Basler Kantonalbank said on Friday that Chairman Andreas Albrecht is to step down by the end of 2013 after the institution was criticised by the Swiss financial regulator for rigging sales of its own participation certificates.
In a statement the cantonal bank said Albrecht was resigning to protect the bank from a “loss of confidence” after the Swiss Financial Market Supervisory Authority (FINMA) ordered the bank on November 21 to pay back CHF2.6 million ($2.9 million) in profits earned by propping up the price of its own certificates.
The local government-backed bank said it regretted Albrecht’s resignation. But it admitted it could have acted faster to clean up what the Swiss regulator termed "significant irregularities" in trading of the bank's certificates between 2009 and 2012.
This is the latest in a series of scandals for Basler Kantonalbank, which is among 14 Swiss banks under criminal investigation by the US Department of Justice for allegedly helping wealthy Americans evade taxes.
The bank's CEO, Hans Rudolf Matter, also resigned in October 2012 after the bank said 620 clients lost more than CHF100 million in a scandal involving foreign exchange investment firm ASE.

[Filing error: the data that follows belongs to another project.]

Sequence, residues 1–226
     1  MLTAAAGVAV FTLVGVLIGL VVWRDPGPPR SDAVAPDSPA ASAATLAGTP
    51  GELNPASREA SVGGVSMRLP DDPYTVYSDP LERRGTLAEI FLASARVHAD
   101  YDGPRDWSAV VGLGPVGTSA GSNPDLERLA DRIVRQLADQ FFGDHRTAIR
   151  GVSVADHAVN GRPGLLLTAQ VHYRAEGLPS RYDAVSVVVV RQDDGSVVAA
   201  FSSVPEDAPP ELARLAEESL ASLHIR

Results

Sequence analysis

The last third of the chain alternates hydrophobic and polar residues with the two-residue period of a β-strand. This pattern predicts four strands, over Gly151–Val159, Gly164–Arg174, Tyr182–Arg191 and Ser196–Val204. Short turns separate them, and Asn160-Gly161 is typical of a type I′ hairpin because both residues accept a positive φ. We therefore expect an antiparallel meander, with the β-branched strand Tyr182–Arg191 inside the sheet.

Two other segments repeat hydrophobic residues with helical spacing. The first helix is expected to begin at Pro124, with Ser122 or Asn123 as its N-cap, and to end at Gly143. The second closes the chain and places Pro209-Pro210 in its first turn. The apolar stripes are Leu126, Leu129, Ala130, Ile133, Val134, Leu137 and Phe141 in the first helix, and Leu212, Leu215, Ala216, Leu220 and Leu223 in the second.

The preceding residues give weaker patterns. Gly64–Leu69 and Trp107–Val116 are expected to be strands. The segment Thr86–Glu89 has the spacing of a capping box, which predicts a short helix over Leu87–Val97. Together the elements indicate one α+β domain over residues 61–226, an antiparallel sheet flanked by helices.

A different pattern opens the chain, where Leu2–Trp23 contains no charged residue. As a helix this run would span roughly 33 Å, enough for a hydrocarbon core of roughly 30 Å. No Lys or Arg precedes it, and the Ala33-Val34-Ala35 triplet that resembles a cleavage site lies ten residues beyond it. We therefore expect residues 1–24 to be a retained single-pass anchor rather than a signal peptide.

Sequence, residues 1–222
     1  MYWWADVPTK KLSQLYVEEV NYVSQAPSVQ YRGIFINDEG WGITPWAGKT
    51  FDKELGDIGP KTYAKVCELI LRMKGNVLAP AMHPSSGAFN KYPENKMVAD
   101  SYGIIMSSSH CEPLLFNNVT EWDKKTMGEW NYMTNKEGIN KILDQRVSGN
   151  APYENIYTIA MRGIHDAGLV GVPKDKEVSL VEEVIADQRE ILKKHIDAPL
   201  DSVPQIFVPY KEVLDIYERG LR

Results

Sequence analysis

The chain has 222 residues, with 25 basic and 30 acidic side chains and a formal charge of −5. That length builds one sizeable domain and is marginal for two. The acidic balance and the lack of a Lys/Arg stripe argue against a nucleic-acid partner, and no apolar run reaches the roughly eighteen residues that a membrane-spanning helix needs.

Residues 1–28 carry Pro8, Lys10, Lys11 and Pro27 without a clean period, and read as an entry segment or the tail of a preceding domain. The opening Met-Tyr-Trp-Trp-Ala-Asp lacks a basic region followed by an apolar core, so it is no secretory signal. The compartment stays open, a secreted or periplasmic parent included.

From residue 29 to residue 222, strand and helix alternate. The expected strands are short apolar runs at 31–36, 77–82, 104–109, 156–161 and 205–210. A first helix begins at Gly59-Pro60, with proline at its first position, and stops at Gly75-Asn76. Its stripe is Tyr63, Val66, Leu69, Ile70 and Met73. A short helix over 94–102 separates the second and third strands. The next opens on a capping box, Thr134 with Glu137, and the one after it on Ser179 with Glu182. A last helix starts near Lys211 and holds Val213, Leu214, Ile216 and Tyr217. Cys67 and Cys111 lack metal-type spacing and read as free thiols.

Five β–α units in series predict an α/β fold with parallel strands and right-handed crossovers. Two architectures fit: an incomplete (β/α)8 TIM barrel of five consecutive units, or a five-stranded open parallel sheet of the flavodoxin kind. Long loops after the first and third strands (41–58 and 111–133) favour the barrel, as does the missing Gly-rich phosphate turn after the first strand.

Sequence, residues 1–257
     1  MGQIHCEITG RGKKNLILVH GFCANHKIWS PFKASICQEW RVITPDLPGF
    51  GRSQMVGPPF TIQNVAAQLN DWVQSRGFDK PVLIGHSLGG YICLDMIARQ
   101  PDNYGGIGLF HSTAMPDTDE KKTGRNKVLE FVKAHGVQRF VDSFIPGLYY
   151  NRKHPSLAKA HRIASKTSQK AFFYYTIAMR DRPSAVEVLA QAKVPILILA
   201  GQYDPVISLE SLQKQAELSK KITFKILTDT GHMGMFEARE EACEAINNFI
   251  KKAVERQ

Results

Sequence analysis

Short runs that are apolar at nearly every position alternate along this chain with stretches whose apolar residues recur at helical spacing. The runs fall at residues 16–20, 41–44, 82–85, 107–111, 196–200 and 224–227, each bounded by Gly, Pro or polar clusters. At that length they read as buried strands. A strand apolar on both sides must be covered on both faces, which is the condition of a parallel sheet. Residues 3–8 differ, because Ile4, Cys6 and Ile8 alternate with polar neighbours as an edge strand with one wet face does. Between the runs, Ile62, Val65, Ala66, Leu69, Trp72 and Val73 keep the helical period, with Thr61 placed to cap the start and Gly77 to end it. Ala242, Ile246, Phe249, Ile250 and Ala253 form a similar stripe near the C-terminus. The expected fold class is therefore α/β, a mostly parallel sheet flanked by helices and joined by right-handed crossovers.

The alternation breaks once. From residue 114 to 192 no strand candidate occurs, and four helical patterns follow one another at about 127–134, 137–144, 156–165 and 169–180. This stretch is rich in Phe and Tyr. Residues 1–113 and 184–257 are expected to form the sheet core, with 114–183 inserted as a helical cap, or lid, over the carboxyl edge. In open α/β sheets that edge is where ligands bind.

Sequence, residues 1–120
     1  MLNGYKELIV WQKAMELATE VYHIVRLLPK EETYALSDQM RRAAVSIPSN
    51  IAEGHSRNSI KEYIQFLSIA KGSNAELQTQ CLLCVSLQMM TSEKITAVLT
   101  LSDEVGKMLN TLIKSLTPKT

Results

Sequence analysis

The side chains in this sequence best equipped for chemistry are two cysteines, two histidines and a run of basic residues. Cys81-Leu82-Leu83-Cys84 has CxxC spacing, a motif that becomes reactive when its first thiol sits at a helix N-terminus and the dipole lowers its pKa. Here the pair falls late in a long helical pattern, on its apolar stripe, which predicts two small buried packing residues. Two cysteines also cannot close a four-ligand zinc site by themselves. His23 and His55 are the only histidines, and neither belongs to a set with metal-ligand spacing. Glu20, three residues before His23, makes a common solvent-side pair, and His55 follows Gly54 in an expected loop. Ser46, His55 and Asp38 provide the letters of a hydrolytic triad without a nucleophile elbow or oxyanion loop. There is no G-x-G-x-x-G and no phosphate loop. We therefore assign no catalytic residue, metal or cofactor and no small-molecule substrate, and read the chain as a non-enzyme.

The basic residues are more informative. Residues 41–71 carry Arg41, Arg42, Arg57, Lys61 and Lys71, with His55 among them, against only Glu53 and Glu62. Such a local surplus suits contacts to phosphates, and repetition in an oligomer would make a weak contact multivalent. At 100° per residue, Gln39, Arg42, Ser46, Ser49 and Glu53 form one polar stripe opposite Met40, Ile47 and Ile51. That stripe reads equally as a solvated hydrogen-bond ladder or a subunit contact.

There are 24 cantonal banks in Switzerland; the cantons either own the bank outright or are the majority stakeholder.
Cantonal banks were founded in the second half of the 19th century. Historically, the role of these banks was to strengthen and support the local economy through the provision of low-cost loans. Today they offer an extensive range of products and services. Their main areas of business are loans to small and medium-sized companies and retail banking, particularly mortgages.
They account for approximately 30% of the total assets of all Swiss-domiciled banks and employ nearly 19,000 people. Basler Kantonalbank is one of the largest cantonal banks, with CHF40 billion in total assets as of the end of 2012.
In compliance with the JTI standards